What has been the place of culture in European integration, in your experience?
In the Treaty of Rome of 1957, the word ‘culture’ doesn’t even appear, nor is there any reference to it in the Single European Act of 1986. It is mentioned for the first time in the Maastricht Treaty of 1992, which only says that it would be a good thing if there was some cultural co-operation. A small step forward was made in the Amsterdam Treaty of 1997, which spoke of ‘cultural identities’, and the need to ‘support’, ‘encourage’, ‘conserve’ them. But any ‘harmonization’, as took place in the realm of trade, was explicitly ruled out. Exactly the same formulations appeared in the Constitution drafted for Giscard d’Estaing in 2005. By and large, culture remains the preserve of national states, and the Committee on Culture has no jurisdiction. This is why nobody wanted to be its president—it doesn’t deal with anything.
eu treaties always speak of ‘cultures’ in the plural, invoking the concept of diversity. Stress is laid on the idea that culture is not a commodity. But in reality, of course, it is always also a commodity, and since the eu is dedicated to the free circulation of goods, one line of thinking holds that cultural production should fall under the rules of free competition, and that subsidies or public funding for culture are illegitimate. The European Court of Justice made a key decision along these lines in 1974, in the ‘Sacchi’ case, concluding that television broadcasts were a commercial service. But in that case, tv and cinema should also have come under the remit of the Trade Commissioner. We on the Cultural Committee struggled constantly against this point of view.
At the end of the 1980s, there was a real shift, as everyone became aware of the extent of us penetration of European culture. The American share of the European cinema market had risen from 35 per cent to 80 per cent in the space of 15 years, and by this time it had become cheaper for tv broadcasters to buy an hour of Dallas than to fund production of their own series. Suddenly there was a whole string of summits and meetings, starting with one at Delphi in 1988; the following year, the first eu Audio-Visual Conference was held in Paris—the French are especially sensitive on this question, and began to speak of the ‘genocide of European culture’. The first concrete measure to emerge from this was the Television without Frontiers (tvwf) Directive, agreed in 1989, which was partly designed to harmonize broadcasting rules with a view to eliminating unfair competition; the idea was that there should be the same rules across the eu on frequency of advertising and limits on what could be shown to minors. But it also contained two potentially far-reaching interventions: Article 4 required a minimum of 51 per cent of each broadcaster’s transmissions to be European content—films, drama serials, documentaries; while Article 5 called for 10 per cent of broadcasting time or 10 per cent of budgets to be reserved for independent production. These two articles unleashed a huge struggle, as some governments and above all industry operators lobbied furiously against them. Eventually a qualification was added—‘when possible’—which meant it was no longer compulsory for countries to apply them.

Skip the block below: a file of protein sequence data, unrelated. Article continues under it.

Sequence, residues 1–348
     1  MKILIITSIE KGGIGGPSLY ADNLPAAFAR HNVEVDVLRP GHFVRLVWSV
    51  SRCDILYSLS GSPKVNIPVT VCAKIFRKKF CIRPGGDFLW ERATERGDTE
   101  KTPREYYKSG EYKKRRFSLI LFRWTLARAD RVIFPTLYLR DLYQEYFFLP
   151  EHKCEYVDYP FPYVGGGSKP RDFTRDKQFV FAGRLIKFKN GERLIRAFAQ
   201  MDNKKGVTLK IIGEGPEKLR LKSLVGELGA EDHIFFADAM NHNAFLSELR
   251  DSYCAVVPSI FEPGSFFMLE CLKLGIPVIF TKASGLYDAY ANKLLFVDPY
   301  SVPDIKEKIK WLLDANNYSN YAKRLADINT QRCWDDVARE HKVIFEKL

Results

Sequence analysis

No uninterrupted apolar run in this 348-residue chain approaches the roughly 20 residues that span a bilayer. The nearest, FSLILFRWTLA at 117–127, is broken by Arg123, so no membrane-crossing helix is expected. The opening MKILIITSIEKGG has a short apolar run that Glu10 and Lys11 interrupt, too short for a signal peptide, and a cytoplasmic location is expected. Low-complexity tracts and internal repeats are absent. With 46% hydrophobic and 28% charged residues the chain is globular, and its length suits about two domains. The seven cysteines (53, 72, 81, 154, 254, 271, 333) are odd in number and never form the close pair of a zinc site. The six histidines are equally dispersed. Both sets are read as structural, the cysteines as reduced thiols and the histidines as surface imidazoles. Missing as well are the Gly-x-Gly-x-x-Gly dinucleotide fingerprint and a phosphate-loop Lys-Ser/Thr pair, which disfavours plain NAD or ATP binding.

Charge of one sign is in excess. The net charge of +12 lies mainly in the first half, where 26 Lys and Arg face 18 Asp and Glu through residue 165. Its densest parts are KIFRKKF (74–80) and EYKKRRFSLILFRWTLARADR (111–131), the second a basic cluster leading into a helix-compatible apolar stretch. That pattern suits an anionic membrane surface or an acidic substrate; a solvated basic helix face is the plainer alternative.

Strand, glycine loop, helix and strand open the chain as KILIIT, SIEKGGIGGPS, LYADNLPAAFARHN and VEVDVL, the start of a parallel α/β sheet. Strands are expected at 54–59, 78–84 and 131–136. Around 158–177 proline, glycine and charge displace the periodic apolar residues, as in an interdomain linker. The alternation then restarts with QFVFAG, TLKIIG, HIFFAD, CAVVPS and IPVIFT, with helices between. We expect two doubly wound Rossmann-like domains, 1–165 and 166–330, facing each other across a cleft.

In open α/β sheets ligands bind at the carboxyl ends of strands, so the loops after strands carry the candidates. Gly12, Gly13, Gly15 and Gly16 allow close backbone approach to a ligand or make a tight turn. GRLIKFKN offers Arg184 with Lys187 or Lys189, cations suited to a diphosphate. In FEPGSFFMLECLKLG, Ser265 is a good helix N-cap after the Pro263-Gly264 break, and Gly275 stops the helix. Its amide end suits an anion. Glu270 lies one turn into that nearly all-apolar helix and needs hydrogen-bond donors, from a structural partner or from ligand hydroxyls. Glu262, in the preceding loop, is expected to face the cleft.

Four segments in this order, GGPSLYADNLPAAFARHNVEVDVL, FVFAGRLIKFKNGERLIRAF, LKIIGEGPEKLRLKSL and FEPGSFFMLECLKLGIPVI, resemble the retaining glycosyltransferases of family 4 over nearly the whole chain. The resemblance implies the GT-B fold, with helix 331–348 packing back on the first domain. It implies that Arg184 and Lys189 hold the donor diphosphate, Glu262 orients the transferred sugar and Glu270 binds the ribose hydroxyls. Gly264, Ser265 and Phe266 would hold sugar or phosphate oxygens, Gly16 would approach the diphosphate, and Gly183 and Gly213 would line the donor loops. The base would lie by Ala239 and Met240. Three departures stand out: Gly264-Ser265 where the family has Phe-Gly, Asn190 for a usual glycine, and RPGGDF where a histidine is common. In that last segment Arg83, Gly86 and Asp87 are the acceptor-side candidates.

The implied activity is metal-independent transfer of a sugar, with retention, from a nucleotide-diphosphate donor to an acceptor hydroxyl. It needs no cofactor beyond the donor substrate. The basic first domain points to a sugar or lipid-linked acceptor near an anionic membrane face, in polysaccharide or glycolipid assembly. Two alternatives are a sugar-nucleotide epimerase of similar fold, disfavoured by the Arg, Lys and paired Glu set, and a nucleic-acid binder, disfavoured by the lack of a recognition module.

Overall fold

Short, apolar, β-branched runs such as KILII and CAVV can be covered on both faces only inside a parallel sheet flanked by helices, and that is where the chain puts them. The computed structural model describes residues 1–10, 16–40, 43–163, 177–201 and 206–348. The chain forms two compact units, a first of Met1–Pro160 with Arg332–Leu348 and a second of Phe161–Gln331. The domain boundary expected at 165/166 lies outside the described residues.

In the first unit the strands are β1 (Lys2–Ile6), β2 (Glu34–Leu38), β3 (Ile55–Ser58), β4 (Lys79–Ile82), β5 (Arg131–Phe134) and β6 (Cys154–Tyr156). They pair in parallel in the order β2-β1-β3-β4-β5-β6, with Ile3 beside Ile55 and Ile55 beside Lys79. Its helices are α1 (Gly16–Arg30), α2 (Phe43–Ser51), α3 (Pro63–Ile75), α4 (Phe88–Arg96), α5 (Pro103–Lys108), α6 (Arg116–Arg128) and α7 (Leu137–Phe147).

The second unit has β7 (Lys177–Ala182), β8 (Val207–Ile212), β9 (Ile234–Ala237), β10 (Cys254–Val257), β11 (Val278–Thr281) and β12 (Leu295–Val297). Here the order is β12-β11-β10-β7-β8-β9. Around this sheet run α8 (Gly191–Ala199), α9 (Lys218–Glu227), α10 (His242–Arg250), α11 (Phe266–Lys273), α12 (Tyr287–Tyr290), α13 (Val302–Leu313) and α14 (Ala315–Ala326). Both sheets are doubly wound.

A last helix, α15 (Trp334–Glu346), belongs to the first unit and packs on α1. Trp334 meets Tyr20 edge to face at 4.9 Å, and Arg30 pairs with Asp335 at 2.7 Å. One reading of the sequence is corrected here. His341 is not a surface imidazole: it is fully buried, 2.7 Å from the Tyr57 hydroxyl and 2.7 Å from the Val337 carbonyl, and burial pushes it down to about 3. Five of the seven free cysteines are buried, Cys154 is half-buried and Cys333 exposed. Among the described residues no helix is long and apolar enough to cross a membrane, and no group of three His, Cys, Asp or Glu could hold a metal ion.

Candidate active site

Where did the opposition come from?
Both from national governments on the commission and from deputies in the Parliament. The Parliament itself was split in two. There was strong opposition from almost all the countries in Northern Europe—for instance from Germany, where cultural matters are the preserve of the Länder rather than the Federal government; and from small countries whose production was too small to fill the 51 per cent. For countries like Italy and France, meeting the quota was simple, but Holland or Denmark would have to fill it with Portuguese or Greek films. They were horrifed at the idea of having to show their populace films from these places. There was ferocious opposition from the uk, because its culture industry is closely linked with that of the Americans, who also fought very hard—their foreign trade representative, Carla Hills, wrote to the Committee on Culture and accused it of turning Europe into a fortress. During the Marrakech gatt talks Clinton even called Balladur and Kohl in the middle of the night to get them to change the eu’s position.
There was a grand alliance against regulation of commercial television, between the Americans, Berlusconi, Murdoch and Kirch. They prefer to buy American soap operas, because producing in Europe is more expensive, and the markets are much smaller and more fragmented; the imported us template makes more commercial sense to them. Then there was lobbying from the American film industry: the Motion Picture Association of America has a permanent office in Brussels, and the studios and distributors also have staff there—in all there are around thirty people representing the interests of Hollywood. They have a huge advantage in Europe, where distribution is highly fragmented—by the end of the 90s, for example, there were over a thousand distributors, none of them continental in scope, whereas the us had only seven. By American law, distributors are not allowed to operate cinemas there, but there is no such barrier in Europe. Warner, now owned by Fox, has been able to build an empire. The profits are huge, so the pressure brought to bear by the lobbyists is also intense. There was once a famous scandal because the mpaa had paid the cleaning ladies at the eu Parliament to give them the pieces of paper thrown away after meetings, so they could see what was happening during sessions on audio-visual policy.